- Emphasis on communications and mass media issues. Includes Journal of Mass Media Ethics from 1985-present (1 year embargo on full-text).
Other Useful Library Online Resources
- Lexis Nexis Academic
- Includes transcripts of major broadcast shows. Also newspapers around the globe.
- infotrac Newsstand
- Includes full-text of thousands of newspapers, U.S and other.
- Displays in most of our databases. Links from a citation to one or more of the following:
- One or more links to full-text of the cited article,
- A link to a pre-set search of the Cornette Library catalog for the cited item,
- A link to a pre-filled Interlibrary Loan request form for the article, or
- A link to various help options.
- For more information see the tutorial Using SFX to Link to Articles
- Ask at the Reference Desk (first floor) or Periodicals Desk (second floor).
- Call 651-2215 during the hours Cornette Library is open.
- Use the "Ask A Librarian" form for electronic reference support.
All of these characteristics should be considered in evaluating any information source, whether it is a book; a magazine, newspaper or journal article; a government document; a web page; or an individual. Experience makes this process easier.
Goal: find information from knowledgeable sources.
- Who wrote the item?
Examples: Book or article author/s, Government agency, corporation.
- What are their qualifications?
Examples: Education, work or personal experience, organization mission.
- What else has this person or organization written about the subject?
Examples: other books/articles, extent of web site,
- Is the person or organization reputable?
Examples: How often is the author cited? Who else links to the web site?
Goal: find sources that specifically address your individual question.
- Does the item relate to your specific question, or is it misfocused?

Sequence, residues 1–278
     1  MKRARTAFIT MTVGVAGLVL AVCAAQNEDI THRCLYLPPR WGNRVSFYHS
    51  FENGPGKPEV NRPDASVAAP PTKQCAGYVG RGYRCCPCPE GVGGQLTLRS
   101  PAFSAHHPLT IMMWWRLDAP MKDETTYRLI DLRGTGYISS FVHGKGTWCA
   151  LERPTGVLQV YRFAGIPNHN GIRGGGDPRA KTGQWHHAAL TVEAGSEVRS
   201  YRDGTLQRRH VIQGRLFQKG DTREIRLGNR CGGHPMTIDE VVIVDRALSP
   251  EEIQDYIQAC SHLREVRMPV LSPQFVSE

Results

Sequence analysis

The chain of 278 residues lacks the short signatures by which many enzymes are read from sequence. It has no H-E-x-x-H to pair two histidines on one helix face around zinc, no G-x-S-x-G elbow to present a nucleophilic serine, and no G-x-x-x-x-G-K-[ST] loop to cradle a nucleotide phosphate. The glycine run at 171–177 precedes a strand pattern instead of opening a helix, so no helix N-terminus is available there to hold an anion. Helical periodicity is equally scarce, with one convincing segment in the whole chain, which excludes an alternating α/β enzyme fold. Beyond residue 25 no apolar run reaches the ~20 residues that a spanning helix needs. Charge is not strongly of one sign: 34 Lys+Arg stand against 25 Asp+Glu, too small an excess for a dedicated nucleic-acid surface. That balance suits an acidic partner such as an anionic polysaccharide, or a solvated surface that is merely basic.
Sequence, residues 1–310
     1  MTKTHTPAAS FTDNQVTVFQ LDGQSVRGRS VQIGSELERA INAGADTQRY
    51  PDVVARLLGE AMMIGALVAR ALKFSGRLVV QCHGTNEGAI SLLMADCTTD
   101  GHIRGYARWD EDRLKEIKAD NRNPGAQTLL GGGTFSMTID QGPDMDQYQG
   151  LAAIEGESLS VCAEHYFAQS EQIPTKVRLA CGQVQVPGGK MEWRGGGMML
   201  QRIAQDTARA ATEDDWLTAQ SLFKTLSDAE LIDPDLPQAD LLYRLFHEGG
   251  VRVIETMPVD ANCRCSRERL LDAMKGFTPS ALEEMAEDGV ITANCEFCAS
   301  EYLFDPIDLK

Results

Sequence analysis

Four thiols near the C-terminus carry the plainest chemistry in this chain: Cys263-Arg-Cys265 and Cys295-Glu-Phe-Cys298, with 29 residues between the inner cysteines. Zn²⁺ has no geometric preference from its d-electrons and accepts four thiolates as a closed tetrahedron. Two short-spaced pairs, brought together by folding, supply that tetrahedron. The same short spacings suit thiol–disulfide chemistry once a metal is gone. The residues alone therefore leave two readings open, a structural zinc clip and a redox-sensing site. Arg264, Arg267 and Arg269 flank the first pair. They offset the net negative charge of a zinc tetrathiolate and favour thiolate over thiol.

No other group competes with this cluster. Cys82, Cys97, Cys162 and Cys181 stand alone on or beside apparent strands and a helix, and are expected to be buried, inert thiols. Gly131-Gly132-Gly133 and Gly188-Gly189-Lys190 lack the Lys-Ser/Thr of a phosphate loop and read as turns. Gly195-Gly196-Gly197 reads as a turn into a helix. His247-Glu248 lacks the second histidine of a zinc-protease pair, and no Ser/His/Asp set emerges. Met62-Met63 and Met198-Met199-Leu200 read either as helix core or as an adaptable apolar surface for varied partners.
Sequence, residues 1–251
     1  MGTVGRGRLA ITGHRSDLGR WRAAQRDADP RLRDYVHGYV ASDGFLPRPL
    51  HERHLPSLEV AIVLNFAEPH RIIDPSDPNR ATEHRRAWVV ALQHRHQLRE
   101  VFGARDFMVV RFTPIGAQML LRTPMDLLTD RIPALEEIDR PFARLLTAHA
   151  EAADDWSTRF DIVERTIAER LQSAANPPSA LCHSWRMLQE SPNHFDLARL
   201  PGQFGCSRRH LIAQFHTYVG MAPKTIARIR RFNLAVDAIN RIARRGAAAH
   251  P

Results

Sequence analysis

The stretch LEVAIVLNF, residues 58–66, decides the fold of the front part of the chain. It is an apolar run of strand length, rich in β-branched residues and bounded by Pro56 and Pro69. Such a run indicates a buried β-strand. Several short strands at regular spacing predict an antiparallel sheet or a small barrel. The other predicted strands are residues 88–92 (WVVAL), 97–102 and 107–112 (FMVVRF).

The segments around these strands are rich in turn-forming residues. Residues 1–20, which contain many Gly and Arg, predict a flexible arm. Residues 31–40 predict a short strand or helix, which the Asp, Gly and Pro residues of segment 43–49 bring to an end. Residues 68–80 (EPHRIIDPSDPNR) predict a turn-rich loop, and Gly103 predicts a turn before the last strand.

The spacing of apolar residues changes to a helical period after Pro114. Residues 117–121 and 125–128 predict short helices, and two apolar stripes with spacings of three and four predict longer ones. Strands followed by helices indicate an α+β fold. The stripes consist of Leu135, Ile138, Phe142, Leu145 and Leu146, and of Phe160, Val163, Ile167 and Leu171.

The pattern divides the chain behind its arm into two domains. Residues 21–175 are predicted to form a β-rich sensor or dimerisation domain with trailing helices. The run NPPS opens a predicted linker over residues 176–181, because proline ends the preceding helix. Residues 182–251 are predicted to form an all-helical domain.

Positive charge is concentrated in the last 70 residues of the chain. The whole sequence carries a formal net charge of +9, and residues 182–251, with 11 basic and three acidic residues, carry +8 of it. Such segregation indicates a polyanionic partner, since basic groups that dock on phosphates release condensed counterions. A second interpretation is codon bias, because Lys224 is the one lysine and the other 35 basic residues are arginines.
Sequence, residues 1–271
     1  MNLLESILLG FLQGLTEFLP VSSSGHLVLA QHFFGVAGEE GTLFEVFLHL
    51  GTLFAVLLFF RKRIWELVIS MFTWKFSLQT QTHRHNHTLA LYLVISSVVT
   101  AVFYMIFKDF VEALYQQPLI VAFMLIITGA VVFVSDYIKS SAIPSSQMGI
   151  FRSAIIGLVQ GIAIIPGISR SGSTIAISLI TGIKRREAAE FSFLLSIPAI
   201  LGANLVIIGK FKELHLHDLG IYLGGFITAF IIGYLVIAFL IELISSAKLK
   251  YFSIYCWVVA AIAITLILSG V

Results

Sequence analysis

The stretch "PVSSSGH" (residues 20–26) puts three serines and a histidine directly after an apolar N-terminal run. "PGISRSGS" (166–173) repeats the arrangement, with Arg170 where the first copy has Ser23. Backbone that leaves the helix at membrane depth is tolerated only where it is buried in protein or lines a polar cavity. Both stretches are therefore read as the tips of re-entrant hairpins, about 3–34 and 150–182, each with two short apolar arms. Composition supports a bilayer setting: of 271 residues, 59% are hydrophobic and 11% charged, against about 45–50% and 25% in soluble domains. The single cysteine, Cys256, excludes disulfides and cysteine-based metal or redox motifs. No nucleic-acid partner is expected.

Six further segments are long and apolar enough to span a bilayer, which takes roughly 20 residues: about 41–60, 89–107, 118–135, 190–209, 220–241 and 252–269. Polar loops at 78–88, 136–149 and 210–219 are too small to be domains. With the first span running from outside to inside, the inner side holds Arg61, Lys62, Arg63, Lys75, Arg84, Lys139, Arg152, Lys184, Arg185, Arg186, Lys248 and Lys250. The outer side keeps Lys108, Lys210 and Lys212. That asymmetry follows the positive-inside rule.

Example: an article about racism in South Africa would not be relevant to a research question like Does racism still exist in the 21st century United States?
- Does the item address all or a part of your topic?
Partial coverage from one source requires coverage from other sources.
Example: an article about racism in current college admissions MIGHT be helpful for a paper on racism in 21st century America.
- May require scanning an entire article, as titles aren't always informative. Use abstracts where available.
Goal: find information for the audience to be addressed.
- What age group is the item aimed at?
Example: Ranger Rick might be excellent for a teacher preparing elementary school activities, but not your freshman biology class.
- Is the item intended for a general or a specialized audience?
Examples: a speech to your fraternity would require different sources than a 30 page formal research paper.
- Is the item intended for scholars or the general public?
Example: National Geographic and Journal of Geophysics have very different audiences.
Goal: find accurate, reliable information.
A difficult judgment to make for a new subject. Part of the process will involve comparing one information source on the topic to others.
- Are sources provided so that you can verify the information?
Examples: footnotes, reference lists, links.
- How reliable are the sources?
See the authority discussion above.